Jeremy Birn is a Pixar lighting artist whose book "Digital Lighting and Rendering" has become a standard introductory text on the topic of CG lighting. I recommend it as a good first book for someone wondering what to do beyond the default lighting, texturing and rendering a 3D app like A:M presents.
I won't be reproducing his information here. The book is reasonably-priced and I've seen used copies go for as low as $25 on Amazon, so if you're interested in the content... get one. Make sure you get the second edition. The book is not about specific projects but, for me, it's been a great idea book for how to use all this stuff.
The good news is, it looks like A:M has a pretty full CG lighting toolset. However, since his discussion is mostly non-app specific there are some terms and procedures that may need translation to A:M terminology. Those notes begin below.
There's quite a bit to this subject so Birn can't cover each topic exhaustively, but I think after you've read this book and noted the translations for A:M you ought to be able to pick up any other CG or traditional lighting book and apply it to your A:M work.
Details of A:M features are typically covered in the A:M Technical Reference (TECH REF) and occasionally I will point to a page number in the Technical Reference where you may find further info.
Chapter 01 Fundamentals of Lighting Design
This is a very broad discussion of why you need to devise lighting to suit each scene. Not much needs translating here. The free sample files he mentions are at the link above. The "lighting challenge" scenes are all in OBJ format which is awkward for A:M users. I'm converting the "Fruit Bowl" scene to A:M format and I'll post that here when I finish.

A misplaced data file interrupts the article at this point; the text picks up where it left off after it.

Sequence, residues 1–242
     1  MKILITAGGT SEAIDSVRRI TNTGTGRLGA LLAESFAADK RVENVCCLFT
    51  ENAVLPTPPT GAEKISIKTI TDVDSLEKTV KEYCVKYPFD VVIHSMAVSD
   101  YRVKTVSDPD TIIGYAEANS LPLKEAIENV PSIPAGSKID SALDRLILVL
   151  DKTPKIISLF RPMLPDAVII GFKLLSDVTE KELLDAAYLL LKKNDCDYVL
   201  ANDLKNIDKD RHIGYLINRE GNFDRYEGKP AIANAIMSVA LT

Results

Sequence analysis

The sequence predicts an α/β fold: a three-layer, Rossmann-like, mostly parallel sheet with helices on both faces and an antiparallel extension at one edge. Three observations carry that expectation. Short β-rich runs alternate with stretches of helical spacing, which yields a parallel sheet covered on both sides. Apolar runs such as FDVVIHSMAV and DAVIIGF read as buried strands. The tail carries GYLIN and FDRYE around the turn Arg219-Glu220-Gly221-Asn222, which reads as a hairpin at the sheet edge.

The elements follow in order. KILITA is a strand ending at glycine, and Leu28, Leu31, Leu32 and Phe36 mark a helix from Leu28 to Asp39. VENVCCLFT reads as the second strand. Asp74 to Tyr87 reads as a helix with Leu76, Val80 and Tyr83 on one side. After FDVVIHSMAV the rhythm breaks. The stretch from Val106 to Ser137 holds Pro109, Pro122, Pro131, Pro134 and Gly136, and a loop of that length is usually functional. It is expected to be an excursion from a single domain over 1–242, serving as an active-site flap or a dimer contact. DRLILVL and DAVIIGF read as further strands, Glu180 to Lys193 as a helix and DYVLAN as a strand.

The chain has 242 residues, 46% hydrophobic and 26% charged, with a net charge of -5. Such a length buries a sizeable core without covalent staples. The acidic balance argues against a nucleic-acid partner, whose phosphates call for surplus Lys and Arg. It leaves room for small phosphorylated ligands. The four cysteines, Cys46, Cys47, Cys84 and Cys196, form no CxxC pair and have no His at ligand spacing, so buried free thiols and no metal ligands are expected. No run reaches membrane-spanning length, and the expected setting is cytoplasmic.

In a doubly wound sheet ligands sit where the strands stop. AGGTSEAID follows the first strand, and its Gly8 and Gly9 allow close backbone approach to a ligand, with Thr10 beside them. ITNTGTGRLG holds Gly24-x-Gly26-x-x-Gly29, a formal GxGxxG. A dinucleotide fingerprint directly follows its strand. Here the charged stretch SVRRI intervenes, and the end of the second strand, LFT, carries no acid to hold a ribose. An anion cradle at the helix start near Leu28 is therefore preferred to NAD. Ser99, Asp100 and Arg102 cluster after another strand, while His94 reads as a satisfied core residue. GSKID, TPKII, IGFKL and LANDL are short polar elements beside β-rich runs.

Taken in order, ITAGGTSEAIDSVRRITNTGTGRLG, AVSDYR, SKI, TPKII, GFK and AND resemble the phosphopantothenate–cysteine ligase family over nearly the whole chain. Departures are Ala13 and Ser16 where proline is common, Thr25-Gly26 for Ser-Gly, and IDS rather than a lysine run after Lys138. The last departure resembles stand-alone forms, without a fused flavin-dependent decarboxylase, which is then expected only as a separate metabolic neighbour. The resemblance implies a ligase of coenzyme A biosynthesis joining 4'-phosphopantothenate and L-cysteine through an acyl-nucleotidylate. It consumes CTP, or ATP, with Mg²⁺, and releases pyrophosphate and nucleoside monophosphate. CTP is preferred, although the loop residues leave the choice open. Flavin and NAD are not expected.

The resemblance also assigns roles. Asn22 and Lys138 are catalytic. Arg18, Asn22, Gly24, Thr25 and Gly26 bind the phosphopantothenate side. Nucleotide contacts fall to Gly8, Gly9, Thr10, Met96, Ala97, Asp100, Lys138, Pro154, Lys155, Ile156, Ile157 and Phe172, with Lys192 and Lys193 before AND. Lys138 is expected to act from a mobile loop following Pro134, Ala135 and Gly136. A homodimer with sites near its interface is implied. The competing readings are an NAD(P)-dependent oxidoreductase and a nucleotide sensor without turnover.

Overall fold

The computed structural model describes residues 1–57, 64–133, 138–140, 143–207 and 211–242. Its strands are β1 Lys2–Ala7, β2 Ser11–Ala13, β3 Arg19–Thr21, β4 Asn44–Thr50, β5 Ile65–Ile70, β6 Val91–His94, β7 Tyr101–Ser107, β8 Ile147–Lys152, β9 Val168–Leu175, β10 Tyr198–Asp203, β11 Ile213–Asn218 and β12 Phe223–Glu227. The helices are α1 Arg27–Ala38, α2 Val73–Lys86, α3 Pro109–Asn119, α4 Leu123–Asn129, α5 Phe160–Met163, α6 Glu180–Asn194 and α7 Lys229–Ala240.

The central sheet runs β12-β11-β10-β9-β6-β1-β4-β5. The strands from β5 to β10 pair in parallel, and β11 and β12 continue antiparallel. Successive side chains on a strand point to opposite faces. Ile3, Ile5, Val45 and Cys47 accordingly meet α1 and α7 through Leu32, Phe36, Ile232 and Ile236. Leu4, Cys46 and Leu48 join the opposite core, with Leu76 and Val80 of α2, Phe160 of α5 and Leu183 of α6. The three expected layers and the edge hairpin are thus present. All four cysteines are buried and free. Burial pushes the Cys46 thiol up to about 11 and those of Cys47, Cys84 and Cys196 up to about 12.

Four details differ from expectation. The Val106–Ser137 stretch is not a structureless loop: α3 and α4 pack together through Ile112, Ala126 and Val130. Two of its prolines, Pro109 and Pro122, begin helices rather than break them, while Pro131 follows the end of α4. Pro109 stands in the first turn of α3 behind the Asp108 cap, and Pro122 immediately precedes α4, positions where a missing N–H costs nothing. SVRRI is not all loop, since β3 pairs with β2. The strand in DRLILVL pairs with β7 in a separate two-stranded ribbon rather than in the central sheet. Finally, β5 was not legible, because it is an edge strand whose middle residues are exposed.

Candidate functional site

Chapter 02 Lighting Basics and Good Practice
some translations (book term... A:M term)
background plate... similar to "rotoscope" image that you import to your camera frame.
point light... bulb light
spot light... klieg light
penumbra angle... width softness (A:M's term is really a better description of what he is talking about)
barn doors... A:M klieg lights do not have actual doors in front of them (i've never seen a program that did!) but you can precisely control the shape of a light with a gel (described in the A:M TECH REF pg. 100)
directional light... sun light
area lights... Birn says that scaling any of the basic lights above will not change the illumination. However, in A:M the light "Width" parameter can do that. A setting of 0 cm will mimic the basic functionality Birn describes, but if you set a higher value and choose multipass rendering A:M will jitter the light placement to simulate a light with real width. In regular rendering, setting ray-traced lights to have more than one "ray" will also do this.
true arbitrarily-shaped area lights are not part of A:M but in practice you can create them by constraining a light to repeatedly traverse a spline in the shape of your desired "area" on every frame in a multi-pass render. Birn warns that area lights are time-consuming to render. This is true of this technique also.
models serving as lights... similar to area lights but with a 3D shape. The same work around for A:M would apply.
Birn says a global illumination renderer can make any object a light. A:M has global ambiance rendering, which is not quite the same thing. An object surface set to 100% ambient intensity in A:M will not illuminate nearby objects when global ambiance is used. However, I believe this will work in a full-tilt radiosity render in A:M.
environment spheres... this is very much like A:M's global ambiance, although this will not create shadows in A:M. If you want shadows cast from one object to another you will need actual lights in your A:M scene.
soloing a light... the easiest way to turn lights off for testing purposes is to set their Active property to OFF. This does create a keyframe that you may want to delete later.
You can SHIFT-select multiple objects, including lights, at once and Active ON/OFF them together to save time.
If I don't plan to keyframe On/OFF in the final clip , I find it useful to RMB on the ON/OFF value in the props and choose "Constant" which forces A:M to just use one key at for the whole animation. Then I can flick Active ON/OFF anywhere and not leave keyframes littered around.